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Featured Blu-ray Review: Tarzan

August 10th, 2014

Tarzan - Blu-ray Combo Pack - Buy from Amazon

By the time Tarzan came out, Disney's animation studio was off its recent peak and had been overtaken by Pixar as the king of animated films. Tarzan did manage to open in first place, but it was the most expensive animated film of all time when it came out, while its box office numbers were only good in comparison. Now that the film is coming out on Blu-ray, is it worth picking up?

The Movie

The film begins with an extended prologue where we see two families. There's a human family who survive a shipwreck and build a new life on in a rain forest in Africa. Meanwhile, there's a gorilla family, who also has a young child. The infant gorilla is killed by a leopard, Sabor, and its mother, Kala, is devastated. While traveling with the pack of gorillas, Kala hears an infant crying and runs away from the group to investigate. What Kala finds it evidence of leopard attack, including the corpses of the two adult humans. At first, she decides to leave, because no one wants to deal with leopards. She also hears the infant crying and decides she can't leave him on his own. That was a smart call, because Sabor was still there. After a short chase, Kala and the child get away. When she returned to the group with the child, she announces she will be its new mother. This is something Kerchak will not stand for, but after Kala assures him no humans will come looking for him, he allows Kala to keep him and she names him Tarzan.

We flash forward a few years and Tarzan is still trying to fully integrate himself in the group. Kerchak still hates him. Kerk is his only friend, and she's not much of a friend. She tries to ditch him, first by telling him he can't come and play with her and her friends, because he can't keep up. When he proves he can keep up, she tells Tarzan, he can only play with them if he gets an elephant hair. It ends poorly with an Elephant stampede that nearly kills one of the gorillas. (Although Tarzan and Kerk meet Tantor, an elephant, who soon becomes their friend.) For Kerchak, this is the last straw and he says that Tarzan doesn't belong. He will never belong. However, after a talk with Kala, Tarzan decides to use this as motivation.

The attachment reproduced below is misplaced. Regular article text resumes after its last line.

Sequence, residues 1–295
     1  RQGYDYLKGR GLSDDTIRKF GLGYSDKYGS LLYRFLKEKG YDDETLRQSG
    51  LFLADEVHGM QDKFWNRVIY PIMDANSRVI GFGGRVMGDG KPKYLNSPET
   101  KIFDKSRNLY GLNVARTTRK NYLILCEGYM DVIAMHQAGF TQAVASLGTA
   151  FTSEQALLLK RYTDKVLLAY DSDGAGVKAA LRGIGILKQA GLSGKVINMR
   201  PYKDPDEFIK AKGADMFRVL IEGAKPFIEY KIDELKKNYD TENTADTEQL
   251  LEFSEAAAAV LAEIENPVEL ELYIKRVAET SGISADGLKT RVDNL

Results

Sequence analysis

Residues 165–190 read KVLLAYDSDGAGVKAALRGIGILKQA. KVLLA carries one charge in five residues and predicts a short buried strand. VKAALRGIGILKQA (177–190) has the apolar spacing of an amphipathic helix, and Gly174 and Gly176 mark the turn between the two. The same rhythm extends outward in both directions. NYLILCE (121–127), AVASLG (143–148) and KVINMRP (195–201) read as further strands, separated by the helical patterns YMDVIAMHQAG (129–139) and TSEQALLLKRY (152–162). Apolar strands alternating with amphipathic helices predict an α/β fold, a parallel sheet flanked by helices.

One training montage later and Tarzan is an adult. One of the first things we see Tarzan do as an adult is fight Sabor, killing the leopard with the spear he previously made. This finally earns him the respect of Kerchak; however, there's not a lot of time to bathe in the glory, because nearby gunshots are heard. Kerchak gets the gorillas to move away, but Tarzan goes to investigate.

What he finds is a group of explorers, led by Clayton, the hunter / guide. He's protecting Professor Porter, who has come to Africa to study the gorillas, and he brought along his daughter, Jane. Professor Porter is excited, because they just discovered a gorilla nest, lots of them. This proves that gorillas live in family groups, an idea Clayton scoffs at. The trio continue on their way when Jane's notebook is stolen by a monkey and she gives chase. Unfortunately, while she catches up with the monkey, the monkey's family catches up to her and it is up to Tarzan to rescue her. She isn't exactly grateful, which is to be expected given her strange surroundings. Scared and confused takes precedence over gratitude.